Seattle University's student newspaper since 1933

The Spectator

Seattle University's student newspaper since 1933

The Spectator

Seattle University's student newspaper since 1933

The Spectator

A Student Market and a Concert Makes For a Night Out at Radio Fest

Jordie Simpson
Jacob Kelly (he/him), lead singer and guitarist from Lowe Cellar, performing at the Sinegal Patio.
Local band, Pink Steam, performing at KXSU’s Radio Fest held at the Sinegal patio. (Jordie Simpson)

As the second iteration of a KXSU and Fashion Club collaboration event, students listened to great music and viewed displays from different artists and designers. Held Friday, May 11, Radio Fest had something for every student who stopped by. 

Held on the Sinegal patio, the setup provided a location for students passing by to stop and listen or see what different items were in the market. Yet the overall ambiance was a more somber feeling for some of the graduating seniors in KXSU, as this was their last major event.

Megan Okuma, a fourth-year communication and media major and the graphic designer for KXSU, provided some of the challenges of an outdoor setup.

“Usually when we’re in these rooms, there’s so many outlets that it doesn’t really matter but it’s definitely one of those things that always sneaks up on us like ‘Oh, yeah, we definitely need to figure out how to get every power to everything,’” Okuma said.

Though KXSU is responsible for the bulk of the set-up, bands typically offer an extra hand if help is needed, making the assembly process more efficient. 

Campus community enjoying Pink Steam’s set during Radio Fest. (Jordie Simpson)

“The bands that come are really helpful, even though we don’t know them, they offer a lot of support and just knowledge about their own equipment as well. So we really appreciate them working with us really easily like that,” Okuma said.

The lineup for the night included a range of genres like pop punk with 90s themes, noise punk,  2000s post-hardcore and a heavy grunge influence. With the range of sounds came an environment everyone could enjoy. 

The bands included College Radio, Atrocity Girl, Lowe Cellar and Pink Steam, each bringing their own style. Fashion provided another feeling of what the event was all about through the student market portion run by Fashion Club. 

Fox Robinson is a third-year photography and gender, women & sexuality double major and the co-president of the Fashion Club. They spoke about the blending of the club with the student market and music at the same time. 

“We love the way that fashion and music kind of come together. And we’ve been wanting to do a market for a long time. So we thought why not have someone who would be able to listen to music and then pop over to a booth,” Robinson said. “We also want to support local artists and artists on campus so we invited a bunch of people and it was a big success last time, so we’re doing like a little mini version of that for the end of the year. It’s been really fun.” 

Zahrah Jamil (she/her), working on a project, alongside other knitted and crocheted items for sale at the Student Market section of Radio Fest. (Jordie Simpson)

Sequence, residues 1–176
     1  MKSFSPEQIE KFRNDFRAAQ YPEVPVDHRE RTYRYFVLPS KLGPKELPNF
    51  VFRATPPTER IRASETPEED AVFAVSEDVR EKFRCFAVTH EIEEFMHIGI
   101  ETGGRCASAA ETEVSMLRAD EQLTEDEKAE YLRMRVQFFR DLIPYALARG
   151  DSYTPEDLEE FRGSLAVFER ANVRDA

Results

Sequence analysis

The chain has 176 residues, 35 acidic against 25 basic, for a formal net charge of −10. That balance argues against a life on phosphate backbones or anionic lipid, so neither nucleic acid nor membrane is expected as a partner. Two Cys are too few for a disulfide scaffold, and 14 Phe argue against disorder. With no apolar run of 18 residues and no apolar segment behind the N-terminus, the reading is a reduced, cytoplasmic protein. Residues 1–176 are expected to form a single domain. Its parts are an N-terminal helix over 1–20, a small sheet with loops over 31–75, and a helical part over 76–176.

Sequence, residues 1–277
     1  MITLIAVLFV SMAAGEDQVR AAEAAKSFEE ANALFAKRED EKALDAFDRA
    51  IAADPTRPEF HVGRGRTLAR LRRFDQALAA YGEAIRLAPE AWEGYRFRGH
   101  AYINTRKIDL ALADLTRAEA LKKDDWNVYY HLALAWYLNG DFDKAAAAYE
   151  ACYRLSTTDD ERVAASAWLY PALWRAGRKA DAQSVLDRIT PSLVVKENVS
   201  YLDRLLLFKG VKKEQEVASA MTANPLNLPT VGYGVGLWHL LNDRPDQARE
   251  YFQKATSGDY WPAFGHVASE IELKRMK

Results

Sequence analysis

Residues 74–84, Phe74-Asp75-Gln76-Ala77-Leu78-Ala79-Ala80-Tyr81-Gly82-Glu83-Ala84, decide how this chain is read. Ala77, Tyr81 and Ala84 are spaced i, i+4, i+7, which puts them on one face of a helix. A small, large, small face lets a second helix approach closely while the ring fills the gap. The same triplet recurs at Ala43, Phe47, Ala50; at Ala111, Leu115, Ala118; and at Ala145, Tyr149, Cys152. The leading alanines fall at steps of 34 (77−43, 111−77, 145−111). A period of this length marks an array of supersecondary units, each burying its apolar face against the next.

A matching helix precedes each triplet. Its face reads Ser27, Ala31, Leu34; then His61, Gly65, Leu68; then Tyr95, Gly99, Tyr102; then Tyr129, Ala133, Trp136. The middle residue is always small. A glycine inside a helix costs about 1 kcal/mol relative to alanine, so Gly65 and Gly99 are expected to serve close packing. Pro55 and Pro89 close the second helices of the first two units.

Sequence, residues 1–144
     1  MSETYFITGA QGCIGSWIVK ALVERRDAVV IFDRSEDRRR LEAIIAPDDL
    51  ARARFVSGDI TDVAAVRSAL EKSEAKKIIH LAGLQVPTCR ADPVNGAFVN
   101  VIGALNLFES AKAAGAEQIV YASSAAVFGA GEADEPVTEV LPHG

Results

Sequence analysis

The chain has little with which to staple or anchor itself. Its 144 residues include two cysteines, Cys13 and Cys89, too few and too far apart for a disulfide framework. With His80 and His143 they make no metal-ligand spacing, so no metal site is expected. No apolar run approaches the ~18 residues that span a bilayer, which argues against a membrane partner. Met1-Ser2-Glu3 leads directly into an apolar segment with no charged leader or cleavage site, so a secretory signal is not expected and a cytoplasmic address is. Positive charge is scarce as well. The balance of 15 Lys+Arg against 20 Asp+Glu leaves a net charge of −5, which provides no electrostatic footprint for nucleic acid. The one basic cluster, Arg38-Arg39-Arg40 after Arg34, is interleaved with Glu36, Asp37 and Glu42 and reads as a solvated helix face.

Robinson had a booth set up with some of their personal photography along with the Fashion Club’s ‘Shudder’ zine which was released at the last student market. They also noted that the market is an opportunity for attendees to support the artists. 

“All the proceeds that the other vendors get from selling stuff goes to them. So we don’t get anything from the other vendors. It’s truly just to support students who are here and they make great art,” Robinson said.

While the vendors chatted with passersby asking about their work, the different artists throughout the night provided a different outlet that also drew in the crowd.

Another person integral to making the show happen was Kate Watanabe, a fourth-year philosophy major and the music and promotion director for the station. She has been able to grow a large network within the alternative, punk rock communities which has aided with her inviting bands and groups onto campus to play in these events.

“I try to keep up with the local scene and go to as many shows as I can, just talk to as many people as possible because most of them are nice. I always try to catch them after the show if they’re doing their own merch and just saying hi, tell them what I do, usually, and ask them if they’d ever be interested in playing a show,” Watanabe said.

Radio Fest attendees looking at KXSU merch, posters, and CDs. (Jordie Simpson)

She also made sure to mention that the station doesn’t pay the artists performing but just wants to be able to give them a platform to share their music with the KXSU audience and others who might’ve just been passing by.

“We don’t charge for the shows, we can’t pay the artists. It’s a bit hard with that. We don’t really get much funding. So I’m understanding, I get if people can’t make it. I’m just happy to share the music I love that’s local,” Watanabe said. 

KXSU hopes that the community that’s been built over the last few years will only lead to more collaboration events between the radio and other organizations on campus.

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Jordie Simpson, Staff Photographer

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